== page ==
"Did You Ever Have To Make Up Your Mind" made little impression in terms of sales or airplay, but that did not deter Piccadilly from issuing a second Knack single in June 1966. The b-side, "Younger Girl" was yet another Lovin Spoonful cover, but the plus side, "Stop," was a dramatic high energy pop song that was propelled by an unusual rhythm that vaguely evoked the recent Unit 4 + 2 charge hit, "Concrete and Clay." "Stop" proved popular with the offshore pirate radio stations and it climbed as high as #22 on the influential Radio London chart.
The modest success of "Stop" insured that the Knack would remain on the Piccadilly books for the time being and a third single - "Save All My Love For Joey'/"Take My Love" - was issued in October 1966. This record saw the band returning to the energetic sound of their earlier Decca sides. "Save All My Love For Joey" was solid commercial pop, while "Take My Love" was an urgent performance that still maintained the basic pop orientation of their recent Piccadilly tracks. Despite the high quality of both the songs and performances, the single failed to replicate the admittedly minor success of "Stop." The song title itself presumably helped to inhibit sales. While a close listen to the song confirms that the "Joey" in question is indeed a girl, in less enlightened times perhaps it was simply too much to expect record buyers to embrace a disc by four lads intent on telling the world of their love for a subject going by a name that's predominately associated with the male gender.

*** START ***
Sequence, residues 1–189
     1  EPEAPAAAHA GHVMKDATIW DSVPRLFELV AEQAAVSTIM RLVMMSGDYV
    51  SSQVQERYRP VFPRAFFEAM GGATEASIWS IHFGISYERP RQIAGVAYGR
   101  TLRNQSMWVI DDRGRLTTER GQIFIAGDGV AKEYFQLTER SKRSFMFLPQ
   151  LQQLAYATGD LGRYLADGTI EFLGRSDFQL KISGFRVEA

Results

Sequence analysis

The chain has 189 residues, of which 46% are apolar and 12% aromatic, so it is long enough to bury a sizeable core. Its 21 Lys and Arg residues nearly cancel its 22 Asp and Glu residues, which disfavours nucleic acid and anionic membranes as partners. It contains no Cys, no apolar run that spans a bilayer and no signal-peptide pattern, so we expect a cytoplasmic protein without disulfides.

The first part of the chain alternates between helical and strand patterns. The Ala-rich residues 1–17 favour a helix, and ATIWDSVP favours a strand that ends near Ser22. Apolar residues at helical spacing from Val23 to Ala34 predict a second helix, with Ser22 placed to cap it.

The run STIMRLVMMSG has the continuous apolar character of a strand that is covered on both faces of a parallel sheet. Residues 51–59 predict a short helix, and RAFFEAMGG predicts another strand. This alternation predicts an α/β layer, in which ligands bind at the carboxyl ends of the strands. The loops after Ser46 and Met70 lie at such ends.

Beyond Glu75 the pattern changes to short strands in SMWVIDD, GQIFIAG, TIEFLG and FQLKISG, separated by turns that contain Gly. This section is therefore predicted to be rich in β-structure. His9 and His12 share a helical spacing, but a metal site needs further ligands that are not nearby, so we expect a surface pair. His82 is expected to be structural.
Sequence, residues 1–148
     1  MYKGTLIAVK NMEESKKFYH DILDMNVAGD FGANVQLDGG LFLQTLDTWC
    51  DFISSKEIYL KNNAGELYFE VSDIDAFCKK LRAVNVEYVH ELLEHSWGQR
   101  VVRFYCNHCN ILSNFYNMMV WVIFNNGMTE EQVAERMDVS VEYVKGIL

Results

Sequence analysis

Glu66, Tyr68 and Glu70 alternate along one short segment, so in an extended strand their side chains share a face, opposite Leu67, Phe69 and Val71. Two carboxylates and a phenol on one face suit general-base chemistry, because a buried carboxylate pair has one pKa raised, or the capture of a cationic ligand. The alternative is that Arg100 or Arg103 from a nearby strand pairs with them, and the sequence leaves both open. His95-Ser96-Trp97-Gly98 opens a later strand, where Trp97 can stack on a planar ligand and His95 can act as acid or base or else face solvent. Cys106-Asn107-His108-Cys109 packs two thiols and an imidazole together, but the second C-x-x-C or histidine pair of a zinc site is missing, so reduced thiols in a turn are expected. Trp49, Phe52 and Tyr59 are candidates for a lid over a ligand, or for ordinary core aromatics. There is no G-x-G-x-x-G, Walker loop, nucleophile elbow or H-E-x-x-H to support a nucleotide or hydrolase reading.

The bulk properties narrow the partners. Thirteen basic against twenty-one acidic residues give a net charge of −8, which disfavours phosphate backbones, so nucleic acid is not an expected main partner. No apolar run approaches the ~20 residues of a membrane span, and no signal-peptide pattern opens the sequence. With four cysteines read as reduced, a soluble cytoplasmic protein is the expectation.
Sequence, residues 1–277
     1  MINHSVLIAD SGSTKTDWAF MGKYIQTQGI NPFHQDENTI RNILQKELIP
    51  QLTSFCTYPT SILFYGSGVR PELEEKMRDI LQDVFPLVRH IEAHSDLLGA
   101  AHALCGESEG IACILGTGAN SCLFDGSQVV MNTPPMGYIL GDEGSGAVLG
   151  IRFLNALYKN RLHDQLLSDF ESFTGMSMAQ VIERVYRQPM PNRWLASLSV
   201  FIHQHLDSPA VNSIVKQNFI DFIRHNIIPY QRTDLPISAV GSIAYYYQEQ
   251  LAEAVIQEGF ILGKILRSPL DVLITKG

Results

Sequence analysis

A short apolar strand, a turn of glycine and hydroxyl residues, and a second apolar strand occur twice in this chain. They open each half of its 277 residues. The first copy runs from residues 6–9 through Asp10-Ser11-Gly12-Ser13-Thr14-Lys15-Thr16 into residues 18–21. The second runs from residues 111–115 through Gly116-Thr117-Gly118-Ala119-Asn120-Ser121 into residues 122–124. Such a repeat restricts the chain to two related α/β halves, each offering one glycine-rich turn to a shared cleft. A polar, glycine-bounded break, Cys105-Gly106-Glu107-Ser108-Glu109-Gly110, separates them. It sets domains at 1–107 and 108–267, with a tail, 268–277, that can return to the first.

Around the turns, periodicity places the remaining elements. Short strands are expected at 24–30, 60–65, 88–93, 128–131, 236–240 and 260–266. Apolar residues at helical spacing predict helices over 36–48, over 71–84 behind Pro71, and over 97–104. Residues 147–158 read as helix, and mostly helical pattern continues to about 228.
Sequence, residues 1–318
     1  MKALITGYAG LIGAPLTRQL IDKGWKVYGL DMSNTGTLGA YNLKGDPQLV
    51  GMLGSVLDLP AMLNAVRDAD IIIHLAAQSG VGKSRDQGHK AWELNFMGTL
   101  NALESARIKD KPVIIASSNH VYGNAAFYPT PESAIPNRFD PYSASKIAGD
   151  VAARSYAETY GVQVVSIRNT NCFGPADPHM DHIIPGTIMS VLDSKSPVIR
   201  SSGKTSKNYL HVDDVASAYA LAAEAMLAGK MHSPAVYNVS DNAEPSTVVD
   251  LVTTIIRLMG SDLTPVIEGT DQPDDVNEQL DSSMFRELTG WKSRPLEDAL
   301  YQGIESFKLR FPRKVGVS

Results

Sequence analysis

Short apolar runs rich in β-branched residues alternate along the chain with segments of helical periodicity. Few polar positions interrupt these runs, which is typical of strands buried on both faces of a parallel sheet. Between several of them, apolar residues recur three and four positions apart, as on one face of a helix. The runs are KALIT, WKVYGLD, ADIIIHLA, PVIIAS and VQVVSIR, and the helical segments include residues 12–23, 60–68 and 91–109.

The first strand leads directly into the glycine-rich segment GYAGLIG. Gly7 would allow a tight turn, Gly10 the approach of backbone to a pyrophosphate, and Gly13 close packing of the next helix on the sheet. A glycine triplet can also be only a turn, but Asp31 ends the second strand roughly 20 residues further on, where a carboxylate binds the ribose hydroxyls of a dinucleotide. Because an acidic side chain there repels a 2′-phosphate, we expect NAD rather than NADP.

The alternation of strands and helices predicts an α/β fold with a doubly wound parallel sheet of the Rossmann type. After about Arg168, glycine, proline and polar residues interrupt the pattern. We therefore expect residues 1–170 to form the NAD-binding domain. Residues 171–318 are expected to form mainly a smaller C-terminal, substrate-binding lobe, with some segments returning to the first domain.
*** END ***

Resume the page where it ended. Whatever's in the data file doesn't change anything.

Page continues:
Had the group been on parent company Pye, it is likely they might have been dropped at this juncture, but on Piccadilly, the Knack were actually one of the more successful - in both artistic and even commercial terms - acts on the roster of the rapidly floundering label. As such, they were given an opportunity to cut a fourth single for the company, "(Man from the) Marriage Guidance & Advice Bureau"/"Dolly Catcher Man," which was issued in February 2967. The single was their first - and ultimately last - self composed effort, with Brian Morris penning "(Man from the) Marriage Guidance & Advice Bureau" and Paul Gurvitz providing "Dolly Catcher Man." The single was also something of a departure for the group in the prominent use of acoustic guitars. It was a highly promising effort, but again failed to sell many copies or garner significant airplay.